01.5PubPengraphicI feel compelled to send this message to my longtime friend, Sara Vanderclute, after reading her heartfelt article in the Nov. 24 edition of The Fayetteville Observer  titled “FayetteNam: The slur that will not die.”

 Very few people have contributed more to the quality of life of this community than Sara. She wears her love for Fayetteville and Cumberland County on her sleeve. Sara’s outlook and perspectives are always positive, and her loyalty to our city and county has never been in doubt or compromised. For as long as I have known her, Sara has been a woman of principle, a devoted wife, mother and grandmother, a consummate community activist, a volunteer and a talented writer and editor. She’s served this community in many capacities, including as a Cumberland County School Board member.

 My message to Sara is this: When it comes to the moniker “Fayette- Nam,” stop trying to combat it! Thousands of men and women came through Fayetteville via Fort Bragg during the Vietnam War era – I was one of them – and the experience was not always a pleasant one. Multiply that by the hundreds of thousands of people who have passed through our fair city. What you end up with is an indelible “brand” that is not going away – FayetteNam. So, why not embrace it for what it is? History. Pure and simple.

 FayetteNam is a term that qualifies as history when it comes to defining Fayetteville as a community. Many things point to this. Over a decade ago, I observed that we – members of the Fayetteville community – were reinforcing and perpetuating this haunting moniker by continually talking about it as a negative feature of the community. We introduced the term FayetteNam to those who were unaware of our past. Whenever a person, group or organization like the Greater Fayetteville Chamber or Fayetteville Cumberland Economic Development Corporation presents programs or speeches intended to promote or showcase the Fayetteville community and the prospects we have for a prosperous future, the presentations are usually preceded by reminding the audience of Fayetteville’s questionable past.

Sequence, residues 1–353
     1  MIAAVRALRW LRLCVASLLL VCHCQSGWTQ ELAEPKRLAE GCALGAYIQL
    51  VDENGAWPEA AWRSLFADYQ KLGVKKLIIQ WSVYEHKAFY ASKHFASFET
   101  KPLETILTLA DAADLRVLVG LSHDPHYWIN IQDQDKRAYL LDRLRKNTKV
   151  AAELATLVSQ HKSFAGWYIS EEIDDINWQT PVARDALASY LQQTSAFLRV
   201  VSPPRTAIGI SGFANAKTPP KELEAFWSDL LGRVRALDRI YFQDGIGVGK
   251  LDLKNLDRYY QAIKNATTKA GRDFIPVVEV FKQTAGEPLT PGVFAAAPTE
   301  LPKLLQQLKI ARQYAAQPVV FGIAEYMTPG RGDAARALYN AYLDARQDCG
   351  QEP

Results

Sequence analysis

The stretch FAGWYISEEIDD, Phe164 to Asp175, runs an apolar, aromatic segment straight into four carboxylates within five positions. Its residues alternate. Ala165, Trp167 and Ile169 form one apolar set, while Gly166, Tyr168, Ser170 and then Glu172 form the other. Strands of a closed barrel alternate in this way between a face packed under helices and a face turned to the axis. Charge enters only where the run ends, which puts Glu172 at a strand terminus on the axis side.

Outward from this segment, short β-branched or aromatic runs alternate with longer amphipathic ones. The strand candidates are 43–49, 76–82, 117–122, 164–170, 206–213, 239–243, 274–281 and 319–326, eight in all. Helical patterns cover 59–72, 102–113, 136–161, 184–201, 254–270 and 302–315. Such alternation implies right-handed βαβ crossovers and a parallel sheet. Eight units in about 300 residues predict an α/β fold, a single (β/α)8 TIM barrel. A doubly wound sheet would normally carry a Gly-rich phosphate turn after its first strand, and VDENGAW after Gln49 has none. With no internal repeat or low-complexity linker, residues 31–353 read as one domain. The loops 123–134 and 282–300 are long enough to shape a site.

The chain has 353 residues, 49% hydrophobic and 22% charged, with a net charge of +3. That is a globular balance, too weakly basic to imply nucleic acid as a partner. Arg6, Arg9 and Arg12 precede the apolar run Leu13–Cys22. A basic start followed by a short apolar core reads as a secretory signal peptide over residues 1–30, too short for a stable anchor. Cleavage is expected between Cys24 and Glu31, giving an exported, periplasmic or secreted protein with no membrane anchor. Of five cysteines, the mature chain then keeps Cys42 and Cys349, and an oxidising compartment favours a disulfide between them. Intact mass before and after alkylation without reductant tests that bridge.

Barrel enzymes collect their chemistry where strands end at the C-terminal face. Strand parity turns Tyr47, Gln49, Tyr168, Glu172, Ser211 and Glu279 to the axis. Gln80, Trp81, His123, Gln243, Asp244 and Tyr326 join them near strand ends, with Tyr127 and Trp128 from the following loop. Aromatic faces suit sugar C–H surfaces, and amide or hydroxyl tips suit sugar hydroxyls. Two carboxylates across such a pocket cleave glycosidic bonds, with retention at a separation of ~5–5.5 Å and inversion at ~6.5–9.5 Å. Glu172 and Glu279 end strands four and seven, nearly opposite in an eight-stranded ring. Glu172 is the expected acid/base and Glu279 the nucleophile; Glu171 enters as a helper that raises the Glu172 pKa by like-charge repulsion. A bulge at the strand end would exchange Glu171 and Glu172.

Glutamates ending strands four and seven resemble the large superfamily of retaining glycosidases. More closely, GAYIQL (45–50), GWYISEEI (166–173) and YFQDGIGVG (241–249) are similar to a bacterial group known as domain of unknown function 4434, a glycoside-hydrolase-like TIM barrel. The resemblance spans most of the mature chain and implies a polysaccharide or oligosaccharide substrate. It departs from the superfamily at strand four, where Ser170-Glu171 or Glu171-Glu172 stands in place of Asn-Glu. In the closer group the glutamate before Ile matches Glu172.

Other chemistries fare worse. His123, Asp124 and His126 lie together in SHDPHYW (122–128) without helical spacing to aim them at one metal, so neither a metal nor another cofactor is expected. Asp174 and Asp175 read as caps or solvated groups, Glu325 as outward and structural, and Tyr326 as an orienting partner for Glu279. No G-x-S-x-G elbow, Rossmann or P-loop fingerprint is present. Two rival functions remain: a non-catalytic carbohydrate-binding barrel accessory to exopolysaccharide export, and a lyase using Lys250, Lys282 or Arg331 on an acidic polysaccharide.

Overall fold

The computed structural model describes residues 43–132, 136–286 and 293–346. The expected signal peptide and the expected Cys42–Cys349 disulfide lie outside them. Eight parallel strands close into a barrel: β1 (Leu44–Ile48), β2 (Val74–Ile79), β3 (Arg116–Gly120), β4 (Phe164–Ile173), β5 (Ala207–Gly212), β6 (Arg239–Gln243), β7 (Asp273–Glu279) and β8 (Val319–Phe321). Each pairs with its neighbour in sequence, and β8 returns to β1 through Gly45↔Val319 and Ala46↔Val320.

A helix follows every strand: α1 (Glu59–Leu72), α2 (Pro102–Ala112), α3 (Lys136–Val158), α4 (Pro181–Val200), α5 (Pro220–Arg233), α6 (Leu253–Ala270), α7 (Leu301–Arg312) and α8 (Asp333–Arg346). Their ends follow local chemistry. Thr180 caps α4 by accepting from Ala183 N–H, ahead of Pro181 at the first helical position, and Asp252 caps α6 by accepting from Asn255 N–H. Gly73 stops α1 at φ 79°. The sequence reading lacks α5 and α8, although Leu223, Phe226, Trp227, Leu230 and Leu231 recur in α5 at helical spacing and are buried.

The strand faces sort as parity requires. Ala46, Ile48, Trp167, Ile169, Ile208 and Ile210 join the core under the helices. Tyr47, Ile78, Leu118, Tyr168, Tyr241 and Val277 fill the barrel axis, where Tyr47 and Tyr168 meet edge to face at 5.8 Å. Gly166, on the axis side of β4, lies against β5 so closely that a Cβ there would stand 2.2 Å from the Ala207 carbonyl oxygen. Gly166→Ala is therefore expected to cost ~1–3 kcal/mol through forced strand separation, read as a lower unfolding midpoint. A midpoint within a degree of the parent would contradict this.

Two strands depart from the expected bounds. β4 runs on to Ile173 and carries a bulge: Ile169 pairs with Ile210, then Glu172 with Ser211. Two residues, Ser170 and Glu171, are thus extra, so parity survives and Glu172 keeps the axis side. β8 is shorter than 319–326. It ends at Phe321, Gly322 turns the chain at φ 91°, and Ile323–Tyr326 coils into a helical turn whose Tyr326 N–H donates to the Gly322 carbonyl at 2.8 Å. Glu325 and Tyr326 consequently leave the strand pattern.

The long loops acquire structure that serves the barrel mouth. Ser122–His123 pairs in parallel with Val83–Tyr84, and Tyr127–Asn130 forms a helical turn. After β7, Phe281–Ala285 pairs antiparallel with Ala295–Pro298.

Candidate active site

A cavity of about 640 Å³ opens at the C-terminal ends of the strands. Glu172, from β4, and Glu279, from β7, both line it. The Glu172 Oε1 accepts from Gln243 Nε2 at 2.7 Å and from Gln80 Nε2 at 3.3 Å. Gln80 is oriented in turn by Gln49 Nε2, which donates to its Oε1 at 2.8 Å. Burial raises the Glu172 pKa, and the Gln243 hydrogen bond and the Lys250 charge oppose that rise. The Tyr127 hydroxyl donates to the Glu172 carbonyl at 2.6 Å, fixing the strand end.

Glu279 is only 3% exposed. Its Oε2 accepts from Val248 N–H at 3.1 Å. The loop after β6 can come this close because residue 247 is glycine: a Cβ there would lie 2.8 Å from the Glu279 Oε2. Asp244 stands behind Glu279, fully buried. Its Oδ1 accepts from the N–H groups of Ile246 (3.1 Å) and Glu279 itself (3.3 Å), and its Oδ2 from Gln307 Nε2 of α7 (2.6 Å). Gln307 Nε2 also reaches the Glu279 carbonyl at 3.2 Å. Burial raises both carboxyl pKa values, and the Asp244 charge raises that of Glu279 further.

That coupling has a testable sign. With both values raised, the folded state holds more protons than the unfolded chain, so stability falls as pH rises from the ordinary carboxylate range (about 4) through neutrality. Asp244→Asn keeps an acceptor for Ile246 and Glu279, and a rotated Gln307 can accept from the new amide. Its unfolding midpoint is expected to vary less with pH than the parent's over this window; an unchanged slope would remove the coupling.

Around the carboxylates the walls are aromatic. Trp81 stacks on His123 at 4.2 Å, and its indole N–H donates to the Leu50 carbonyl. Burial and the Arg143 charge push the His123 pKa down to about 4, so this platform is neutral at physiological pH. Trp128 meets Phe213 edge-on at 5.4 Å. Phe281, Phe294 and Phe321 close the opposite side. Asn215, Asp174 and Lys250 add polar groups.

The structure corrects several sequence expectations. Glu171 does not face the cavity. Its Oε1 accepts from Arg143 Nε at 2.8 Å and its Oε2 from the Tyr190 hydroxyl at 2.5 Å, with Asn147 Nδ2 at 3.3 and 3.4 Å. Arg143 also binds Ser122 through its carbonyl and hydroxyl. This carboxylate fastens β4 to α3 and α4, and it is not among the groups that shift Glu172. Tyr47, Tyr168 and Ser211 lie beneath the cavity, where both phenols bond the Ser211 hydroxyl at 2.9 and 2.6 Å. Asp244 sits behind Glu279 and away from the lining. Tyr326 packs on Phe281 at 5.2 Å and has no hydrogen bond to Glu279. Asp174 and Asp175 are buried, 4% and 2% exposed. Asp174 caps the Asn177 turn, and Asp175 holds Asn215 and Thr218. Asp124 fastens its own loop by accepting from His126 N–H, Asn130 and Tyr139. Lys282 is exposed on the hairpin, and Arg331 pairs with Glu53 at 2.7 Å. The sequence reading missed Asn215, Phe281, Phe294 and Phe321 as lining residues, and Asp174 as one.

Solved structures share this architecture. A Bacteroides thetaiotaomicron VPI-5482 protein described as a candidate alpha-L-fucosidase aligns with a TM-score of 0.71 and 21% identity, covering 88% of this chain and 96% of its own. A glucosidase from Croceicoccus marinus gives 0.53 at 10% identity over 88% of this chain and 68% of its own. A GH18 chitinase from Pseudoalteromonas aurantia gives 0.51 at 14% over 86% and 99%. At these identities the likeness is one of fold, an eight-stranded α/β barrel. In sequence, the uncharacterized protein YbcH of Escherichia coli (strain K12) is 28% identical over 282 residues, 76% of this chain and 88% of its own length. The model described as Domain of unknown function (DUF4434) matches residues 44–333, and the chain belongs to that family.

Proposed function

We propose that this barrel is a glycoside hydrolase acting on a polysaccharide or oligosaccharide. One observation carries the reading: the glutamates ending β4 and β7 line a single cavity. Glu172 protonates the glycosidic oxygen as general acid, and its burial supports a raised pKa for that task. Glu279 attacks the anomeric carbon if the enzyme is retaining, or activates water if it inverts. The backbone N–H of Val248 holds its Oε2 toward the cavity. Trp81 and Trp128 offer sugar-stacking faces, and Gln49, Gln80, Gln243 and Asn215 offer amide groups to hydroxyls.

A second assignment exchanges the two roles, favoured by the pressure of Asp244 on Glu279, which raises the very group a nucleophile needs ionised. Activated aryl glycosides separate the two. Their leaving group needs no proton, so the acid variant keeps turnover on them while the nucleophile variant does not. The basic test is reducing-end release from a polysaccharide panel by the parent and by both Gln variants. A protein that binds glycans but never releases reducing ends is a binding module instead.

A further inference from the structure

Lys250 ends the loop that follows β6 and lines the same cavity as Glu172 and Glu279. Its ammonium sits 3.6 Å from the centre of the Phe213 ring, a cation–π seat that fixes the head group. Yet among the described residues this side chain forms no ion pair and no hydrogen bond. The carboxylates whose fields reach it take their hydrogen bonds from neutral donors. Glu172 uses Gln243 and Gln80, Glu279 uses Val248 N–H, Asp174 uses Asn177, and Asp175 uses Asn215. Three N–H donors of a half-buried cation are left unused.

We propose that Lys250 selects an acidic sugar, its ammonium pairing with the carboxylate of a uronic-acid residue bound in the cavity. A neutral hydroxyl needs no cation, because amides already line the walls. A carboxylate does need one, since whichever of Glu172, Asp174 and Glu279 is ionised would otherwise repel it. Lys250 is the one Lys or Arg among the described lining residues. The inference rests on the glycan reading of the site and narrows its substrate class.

They bring up FayetteNam – the notorious 500 block, the prostitutes at the Prince Charles Hotel, and Rick’s Lounge. They recall the many fights that broke out on Hay Street between drunken teenage soldiers hours before they were shipped 3,000 miles overseas to fight a war they didn’t understand in a country they’d never heard of – Vietnam. That was Fayetteville then. It’s history.

 That is not what Fayetteville is now. We are a military community. We have a past, and we have future – an extremely bright future. It would serve us well to embrace our history and use it shape this future. The progress we have made in the last two decades is inspiring. However, if you were not living here 20 years ago, how could you appreciate this progress?

 This is why many of the people who come to Fayetteville through their business or the military decide to make it their permanent home. It’s because of who we are now. It’s because of the tireless efforts of so many who fought to make this a better, stronger community. Those who choose to call Fayetteville home love what the area has to offer.. They’ve sought out the goodness that resides here. They love the arts, culture, schools, weather, shopping, restaurants and, most of all, the people, all of which make up our community.

 I encourage everyone, including Sara: When you encounter the term “Fayette- Nam,” don’t fight it. It is part of who we are. But do take the opportunity to let people know what you love about Fayetteville and the wonderful community it has become.

 Thank you for reading Up & Coming Weekly .

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